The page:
Thursday, 28 January 2016

Aaron Watson + Sam Outlaw - The Glee Club, Birmingham. Wednesday 27th January 2016.

Aaron Watson
Nashville Tennessee may be the spiritual and corporate home of country music, but it was the case of the western states fighting back at the Glee Club tonight as Texas and California flexed their muscles in the capable hands of Aaron Watson and Sam Outlaw. It was also a scenario of two gigs in one as both artists maintained the high quality in expressing the breadth of country music. What was absent was superficial commercial drivel and you were witnessing two contrasting songwriters and performers dedicated to making music on their own terms. You can take your pick between the up tempo Texas road dust rocking of Watson or the smooth west coast vibes hailing from Outlaw. However there is no law around being greedy and waxing lyrical about both.

Sam Outlaw hails from Los Angeles and flavours his music with a heady mix of classic country and border twang. His new album ANGELENO has just had its UK release some six months after taking a bow in the US, giving Sam plenty of stellar material to share with new listeners on his travels. Alongside this visit in support of Aaron, Sam is returning to our shores in April and is turning the heads of promoters and venues more akin to the folk/Americana side of the genre, often a safe haven for his type of music in these turbulent times. Immediate impressions of Sam were a striking resemblance to Cale Tyson, although perhaps a touch smoother in his style, but absolutely equal in the stunning impact they have both made.

As you would expect the bulk of Sam’s forty-five minute opening set was comprised of songs from the new album and these possessed the same appeal as the recorded versions when delivered live with fellow guitarist Danny Garcia on accompaniment. Even within the constraints of touring acoustically, the timely whistles enabled perfect memory recollection of the pedal steel pieces. There was no evidence of any nerves infiltrating a show that was only 24 hours later than a debut one in a country thousands of miles from home. In fact Sam came across as a confident and assured smooth operator, exercising a sharp wit to more than adequately fill the momentary gaps between songs. Inevitably Sam Outlaw will be judged on the evidence of his songs and these carry a substantial weight.Whether writing from the perspective of a drunk in ‘Jesus Take the Wheel (And Drive Me to a Bar)’ to addressing relationship issues in ‘Keep it Interesting’, high class songs flowed repeatedly with ‘Ghost Town’, ‘Angeleno’, ‘I’m Not Jealous’, ‘Country Love Song’, ‘Hole in My Heart’ and ‘Love Her for a While’ all playing a part in succeeding with that all important first impression.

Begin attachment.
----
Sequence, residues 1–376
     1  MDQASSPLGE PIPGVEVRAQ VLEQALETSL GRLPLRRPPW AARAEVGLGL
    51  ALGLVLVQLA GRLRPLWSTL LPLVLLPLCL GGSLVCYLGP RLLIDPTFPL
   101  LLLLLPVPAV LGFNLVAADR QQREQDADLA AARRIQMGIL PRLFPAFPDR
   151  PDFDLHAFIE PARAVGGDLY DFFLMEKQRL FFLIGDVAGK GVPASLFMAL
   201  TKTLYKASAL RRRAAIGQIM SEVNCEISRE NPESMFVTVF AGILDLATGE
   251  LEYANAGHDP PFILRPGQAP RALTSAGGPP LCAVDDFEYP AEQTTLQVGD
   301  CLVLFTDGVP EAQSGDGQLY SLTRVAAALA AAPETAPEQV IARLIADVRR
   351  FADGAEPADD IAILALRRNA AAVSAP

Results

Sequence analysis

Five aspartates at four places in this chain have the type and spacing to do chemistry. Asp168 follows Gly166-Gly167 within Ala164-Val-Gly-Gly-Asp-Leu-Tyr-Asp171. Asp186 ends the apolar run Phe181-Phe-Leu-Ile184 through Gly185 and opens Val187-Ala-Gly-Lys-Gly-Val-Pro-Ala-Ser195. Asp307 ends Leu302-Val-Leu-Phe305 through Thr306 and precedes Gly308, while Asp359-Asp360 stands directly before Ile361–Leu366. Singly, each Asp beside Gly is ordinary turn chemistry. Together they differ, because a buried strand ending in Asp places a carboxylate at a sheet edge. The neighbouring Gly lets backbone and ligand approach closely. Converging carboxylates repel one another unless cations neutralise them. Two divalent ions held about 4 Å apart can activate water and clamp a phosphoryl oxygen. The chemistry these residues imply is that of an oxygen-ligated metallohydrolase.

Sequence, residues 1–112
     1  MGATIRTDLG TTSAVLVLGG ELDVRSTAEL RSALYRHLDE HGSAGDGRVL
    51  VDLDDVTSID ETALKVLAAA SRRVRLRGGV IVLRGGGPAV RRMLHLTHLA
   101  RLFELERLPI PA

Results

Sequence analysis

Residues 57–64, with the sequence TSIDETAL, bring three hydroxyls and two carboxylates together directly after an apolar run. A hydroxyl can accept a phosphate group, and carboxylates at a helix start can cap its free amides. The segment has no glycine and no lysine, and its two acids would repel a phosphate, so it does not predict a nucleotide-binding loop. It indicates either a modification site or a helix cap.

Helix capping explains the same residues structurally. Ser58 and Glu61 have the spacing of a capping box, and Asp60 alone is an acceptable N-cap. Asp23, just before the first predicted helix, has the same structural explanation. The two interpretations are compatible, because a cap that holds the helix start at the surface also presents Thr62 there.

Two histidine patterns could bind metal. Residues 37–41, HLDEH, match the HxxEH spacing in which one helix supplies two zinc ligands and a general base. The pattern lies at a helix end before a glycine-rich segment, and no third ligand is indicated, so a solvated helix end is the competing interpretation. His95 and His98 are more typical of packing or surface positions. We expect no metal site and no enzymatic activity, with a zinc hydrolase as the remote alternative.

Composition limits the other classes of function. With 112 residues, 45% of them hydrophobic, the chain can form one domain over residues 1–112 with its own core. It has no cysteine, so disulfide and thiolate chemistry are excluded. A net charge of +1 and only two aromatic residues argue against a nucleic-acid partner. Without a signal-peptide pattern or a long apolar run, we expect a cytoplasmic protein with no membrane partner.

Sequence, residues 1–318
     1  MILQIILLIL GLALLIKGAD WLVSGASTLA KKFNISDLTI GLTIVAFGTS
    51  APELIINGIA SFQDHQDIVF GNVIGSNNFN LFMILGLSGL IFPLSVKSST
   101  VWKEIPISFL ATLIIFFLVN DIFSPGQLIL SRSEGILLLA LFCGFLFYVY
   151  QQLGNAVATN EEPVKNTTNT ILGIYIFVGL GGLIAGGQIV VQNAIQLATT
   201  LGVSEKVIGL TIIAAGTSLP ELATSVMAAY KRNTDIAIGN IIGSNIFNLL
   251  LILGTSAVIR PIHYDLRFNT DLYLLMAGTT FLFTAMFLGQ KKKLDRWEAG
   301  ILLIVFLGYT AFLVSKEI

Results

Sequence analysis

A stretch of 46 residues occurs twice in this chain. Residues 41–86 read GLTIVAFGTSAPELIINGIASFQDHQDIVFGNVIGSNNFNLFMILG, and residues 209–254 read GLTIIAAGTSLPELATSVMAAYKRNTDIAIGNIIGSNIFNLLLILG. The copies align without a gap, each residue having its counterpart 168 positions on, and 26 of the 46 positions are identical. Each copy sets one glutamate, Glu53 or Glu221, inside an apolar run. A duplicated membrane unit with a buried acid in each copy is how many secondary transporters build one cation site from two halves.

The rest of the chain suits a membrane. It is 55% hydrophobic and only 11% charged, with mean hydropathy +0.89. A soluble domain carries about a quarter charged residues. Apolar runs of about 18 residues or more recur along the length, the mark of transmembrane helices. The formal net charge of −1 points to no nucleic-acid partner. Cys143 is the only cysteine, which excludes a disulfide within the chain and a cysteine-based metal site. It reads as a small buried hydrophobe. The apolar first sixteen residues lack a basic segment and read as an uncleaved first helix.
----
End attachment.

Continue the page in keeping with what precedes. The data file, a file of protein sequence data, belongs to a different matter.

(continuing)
Sam Outlaw
In contrast to probably most of the audience and the balance of the set times, my view was of this being a double header gig. This was obviously from a bias stance as most neutrals would have left with the abiding memory of Aaron Watson in full flow. His ninety minute set backed by a full band (minus pedal steel!) gathered momentum in appeal, brought to a crescendo with a crowd pleasing climax full of mutual adoration and fizzing fiddle from Damian Green. In essence Aaron plays a no holds barred intense brand of country music, rich in Texas dirt and hardened by many miles on the clock around the roadhouse, honky tonk and rodeo circuit. It is definitely music from the heart, initially rejected by the suits before flourishing in the free reins of indie land. Ultimately Aaron did return to the big time last year with a number one Billboard album and the first ever by a solo male independent labelled artist without the backing of major cross country radio airplay.

The album in question UNDERDOG was heavily featured during the set, opening with ‘Freight Train’ before multi-peaking with ‘That Look’, ‘Fence Post’, ‘Wild fire’, ‘Getaway Truck’ and ‘That’s Why God Loves Cowboys’. The growing Aaron Watson fan base in the UK will no doubt be aware that this is the twelfth album release from the Texan hailing from the western outpost town of Abilene, famed in many country songs. Those not too au fait with Aaron would have been a lot more informed by the end of this gig as he wears both his heart and life on the sleeve. He comes across as a blessed artist, and negativity was left at the door even when he touched on the darker moments of his life. Melancholy was not on the agenda as the abiding memory of Aaron’s debut show in Birmingham, and only the second in the UK, was of an incredibly positive persona, grateful to all the inspirations in his life.

Two notable songs off his previous albums to impress were ‘Reckless’, which proved the show closer subject to a prolonged fun filled finale and ‘July in Cheyenne (Song for Lane’s Momma)’. The latter was written in tribute to a late rodeo star cut off in his prime and followed a touching moment where Aaron shared details of his own loss. All these songs had the backing of Aaron’s excellent band spearheaded by lead guitarist Jason Lerma and supported by drums and bass rhythm section, (names eluded me).It was a lengthy wait for fiddle player Damian Green to be let of the leash, but when set free it was immense.

It has already been stated that Sam is set to return to play more shows, while Aaron was adamant that this is just the start of a UK venture without giving further details. What can be concluded from this evening is that extensive merit can be found in both artists and whatever angle you approach your country music, either can find their niche in your listening repertoire. One thing for certain is that Aaron Watson and Sam Outlaw are destined to win over many more fans on our shores. However the dedicated souls present in Birmingham’s Glee Club had the privilege of being there at the outset of this exciting journey.

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